Creighton 84, Oregon 76

The home fans gave their old coach a warm welcome, and then

Creighton did its best to run Dana Altman’s Oregon Ducks out of the

building.

The Bluejays built big leads early in the first and second

halves, but they couldn’t put away the Ducks until the final minute

in an 84-76 victory Monday night in Game 1 of the College

Basketball Invitational championship series.

”The start of the game was phenomenal,” Creighton coach Greg

McDermott said. ”I’m not sure I’ve experienced anything like that.

It was electric in the arena. We came out clicking, and Oregon

wasn’t far behind us offensively.”

The Bluejays made nine of their first 10 shots and had a

double-digit lead 7 minutes into the game. The advantage was 17

points after Doug McDermott scored nine of his game-high 21 points

during a 12-0 run the first 4 minutes of the second half.

But Oregon wouldn’t go away, twice pulling within four points

late in the game.

Game 2 is Wednesday in Eugene, Ore., and a third game, if

necessary, would be played there Friday.

The Altman vs. Creighton subplot is adding spice to the CBI

finals.

He’s Creighton’s all-time winningest coach, with 327 victories

and seven NCAA tournament appearances in 16 years. He left the

6,000-student Jesuit school last April for a $1.7 million-a-year

offer from Oregon. The move came as a big surprise to his players

and Creighton fans.

In his first trip back to the Qwest Center – one he said he

dreaded – he got a warm reception from the CBI single-game record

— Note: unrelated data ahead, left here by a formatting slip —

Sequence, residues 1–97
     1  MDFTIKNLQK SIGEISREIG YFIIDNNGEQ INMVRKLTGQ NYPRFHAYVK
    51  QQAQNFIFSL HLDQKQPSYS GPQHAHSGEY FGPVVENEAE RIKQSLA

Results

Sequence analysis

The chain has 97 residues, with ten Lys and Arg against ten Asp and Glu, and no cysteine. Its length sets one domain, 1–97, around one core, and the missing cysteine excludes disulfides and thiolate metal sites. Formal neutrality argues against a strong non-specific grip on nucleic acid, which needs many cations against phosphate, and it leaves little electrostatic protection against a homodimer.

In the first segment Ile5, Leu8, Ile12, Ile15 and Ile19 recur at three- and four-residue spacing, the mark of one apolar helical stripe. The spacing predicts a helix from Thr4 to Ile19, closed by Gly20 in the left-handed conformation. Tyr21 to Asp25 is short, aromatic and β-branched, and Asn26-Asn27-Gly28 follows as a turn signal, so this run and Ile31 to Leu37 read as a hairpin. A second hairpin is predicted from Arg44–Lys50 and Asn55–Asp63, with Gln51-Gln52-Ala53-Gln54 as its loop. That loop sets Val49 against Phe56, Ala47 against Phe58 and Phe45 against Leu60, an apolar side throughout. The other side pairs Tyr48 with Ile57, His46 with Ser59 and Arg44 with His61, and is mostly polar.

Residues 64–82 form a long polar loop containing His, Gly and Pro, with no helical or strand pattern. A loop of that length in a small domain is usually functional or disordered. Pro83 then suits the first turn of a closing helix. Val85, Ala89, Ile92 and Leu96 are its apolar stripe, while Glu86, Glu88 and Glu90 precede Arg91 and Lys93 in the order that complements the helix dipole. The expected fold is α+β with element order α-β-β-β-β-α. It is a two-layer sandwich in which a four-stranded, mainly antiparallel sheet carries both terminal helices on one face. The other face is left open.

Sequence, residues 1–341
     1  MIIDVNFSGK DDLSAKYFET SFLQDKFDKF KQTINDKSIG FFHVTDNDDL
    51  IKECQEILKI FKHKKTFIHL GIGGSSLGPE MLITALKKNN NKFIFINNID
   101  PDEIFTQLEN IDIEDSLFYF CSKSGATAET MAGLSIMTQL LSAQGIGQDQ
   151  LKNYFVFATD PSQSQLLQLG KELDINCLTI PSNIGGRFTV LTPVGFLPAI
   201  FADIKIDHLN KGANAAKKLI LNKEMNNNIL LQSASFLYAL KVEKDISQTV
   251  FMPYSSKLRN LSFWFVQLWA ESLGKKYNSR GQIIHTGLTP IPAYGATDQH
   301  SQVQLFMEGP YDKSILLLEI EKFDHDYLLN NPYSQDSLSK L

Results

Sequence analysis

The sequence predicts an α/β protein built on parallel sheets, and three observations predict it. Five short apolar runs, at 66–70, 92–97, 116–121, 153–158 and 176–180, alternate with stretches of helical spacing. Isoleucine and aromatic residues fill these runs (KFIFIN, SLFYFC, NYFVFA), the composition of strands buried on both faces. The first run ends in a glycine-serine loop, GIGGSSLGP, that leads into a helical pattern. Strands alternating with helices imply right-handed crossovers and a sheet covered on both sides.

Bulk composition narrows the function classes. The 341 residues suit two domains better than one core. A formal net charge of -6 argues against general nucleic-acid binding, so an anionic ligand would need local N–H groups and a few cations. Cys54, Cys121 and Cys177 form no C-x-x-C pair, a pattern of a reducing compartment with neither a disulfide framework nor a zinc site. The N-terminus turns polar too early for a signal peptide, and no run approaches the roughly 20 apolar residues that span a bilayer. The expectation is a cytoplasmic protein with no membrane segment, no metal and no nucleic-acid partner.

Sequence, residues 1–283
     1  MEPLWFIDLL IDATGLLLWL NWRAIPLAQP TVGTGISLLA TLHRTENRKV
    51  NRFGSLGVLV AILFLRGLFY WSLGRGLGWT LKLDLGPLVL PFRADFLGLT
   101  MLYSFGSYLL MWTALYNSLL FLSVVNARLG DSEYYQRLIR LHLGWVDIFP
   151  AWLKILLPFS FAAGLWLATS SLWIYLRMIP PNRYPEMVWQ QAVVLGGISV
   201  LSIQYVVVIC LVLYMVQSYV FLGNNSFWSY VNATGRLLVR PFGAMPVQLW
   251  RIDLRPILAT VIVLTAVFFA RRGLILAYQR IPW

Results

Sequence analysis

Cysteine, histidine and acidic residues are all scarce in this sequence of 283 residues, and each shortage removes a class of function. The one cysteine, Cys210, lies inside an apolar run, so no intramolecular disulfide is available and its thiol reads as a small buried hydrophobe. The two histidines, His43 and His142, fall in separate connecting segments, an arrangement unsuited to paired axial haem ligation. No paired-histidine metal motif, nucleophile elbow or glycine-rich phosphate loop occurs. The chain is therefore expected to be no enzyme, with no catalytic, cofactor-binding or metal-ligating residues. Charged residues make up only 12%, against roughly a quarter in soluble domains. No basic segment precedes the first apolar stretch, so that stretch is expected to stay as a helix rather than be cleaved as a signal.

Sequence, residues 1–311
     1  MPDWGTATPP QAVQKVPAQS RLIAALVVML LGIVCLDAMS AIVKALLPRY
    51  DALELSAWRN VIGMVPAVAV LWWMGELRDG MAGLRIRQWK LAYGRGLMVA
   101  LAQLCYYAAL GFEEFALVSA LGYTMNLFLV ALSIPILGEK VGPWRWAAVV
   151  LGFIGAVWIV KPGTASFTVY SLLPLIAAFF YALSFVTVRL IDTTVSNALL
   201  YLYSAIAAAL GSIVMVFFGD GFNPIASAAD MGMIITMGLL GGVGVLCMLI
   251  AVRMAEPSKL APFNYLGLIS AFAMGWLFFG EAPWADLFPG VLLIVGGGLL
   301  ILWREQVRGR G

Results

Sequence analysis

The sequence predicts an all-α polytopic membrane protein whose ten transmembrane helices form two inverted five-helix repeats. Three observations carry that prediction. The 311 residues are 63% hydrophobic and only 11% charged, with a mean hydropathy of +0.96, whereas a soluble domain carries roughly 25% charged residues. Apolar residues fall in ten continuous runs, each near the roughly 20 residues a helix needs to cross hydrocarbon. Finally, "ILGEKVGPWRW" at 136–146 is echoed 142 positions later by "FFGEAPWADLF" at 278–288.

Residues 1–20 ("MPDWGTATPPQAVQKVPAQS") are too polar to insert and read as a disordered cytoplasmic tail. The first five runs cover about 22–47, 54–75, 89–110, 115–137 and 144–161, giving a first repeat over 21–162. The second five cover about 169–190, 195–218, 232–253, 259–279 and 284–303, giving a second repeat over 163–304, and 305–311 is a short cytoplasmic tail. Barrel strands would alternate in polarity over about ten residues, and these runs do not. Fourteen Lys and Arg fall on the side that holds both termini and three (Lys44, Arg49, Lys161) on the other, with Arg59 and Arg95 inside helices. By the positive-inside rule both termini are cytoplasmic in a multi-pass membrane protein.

crowd of 12,381. Fans on the floor rose and clapped as Altman

walked out of the tunnel to the court. He and his staff shook hands

with the Bluejays’ staff, and Altman got a quick hug from Greg

McDermott.

Altman again received long and loud ovation when his name was

announced during pregame introductions.

”Oh, I appreciated it,” Altman said. ”The people have always

been good to us – 16 years – really good to our family. It was

nice.”

Altman said he didn’t know what to expect when he walked into

the arena.

”I know a lot of people were disappointed in my decision to

leave,” he said. ”There were probably more people happy to see me

go. It was awkward.”

McDermott said he didn’t spend much time talking to his players

about their former coach.

”I think it was emotional for some of them, obviously, with

coach Altman coming back,” he said. ”I really appreciated the way

the fans treated Coach Altman. That’s exactly what he deserved.

Doug (McDermott) said it best, that we might not be playing in this

building if it’s not for coach Altman.”

The Ducks struggled against the bigger Creighton. The 6-foot-9,

270-pound Gregory Echenique had 15 points and blocked four shots,

and Josh Jones and Jahenns Manigat had 11 points apiece for the

Bluejays (23-14).

Joevan Catron led Oregon (19-18) with 15 points and nine

rebounds. Garrett Sim and Jay-R Strowbridge had 14 points apiece

and Johnathan Loyd and E.J. Singler 10 each for the Ducks.

”I just didn’t think we were very sharp,” Altman said. ”That

probably has a lot more to do with them than it had to do with us.

We were just a half-step slower tonight.”

Strowbridge finished a 16-5 spurt with a layup off a steal,

pulling Oregon within 63-57. The Ducks missed four of their next

five shots and committed a turnover, and the Bluejays were back in

front 70-59 after Kenny Lawson put back his own miss with a

dunk.

The Bluejays were up 79-72 before Strowbridge’s 3-pointer cut it

to four points with 1:30 left

Josh Jones’s 3-pointer made it 82-75 with 1:21 left. Oregon’s

E.J. Singler had a chance to get Oregon within four points, but

McDermott came up from behind to block his layup try with 40

seconds left, all but ending the Ducks’ comeback hopes.

”I might have gotten away with a foul there,” said Doug

McDermott, who has just four blocked shots in 37 games. ”I had to

do something to stop that play.”

Altman said the Ducks have to find a way to cope with

Creighton’s size advantage.

”We had trouble with Gregory all night,” he said. ”I don’t

know how we’re going to change things up. They’re not going to get

any smaller between now and Wednesday. We’ll have to try to do some

different things.”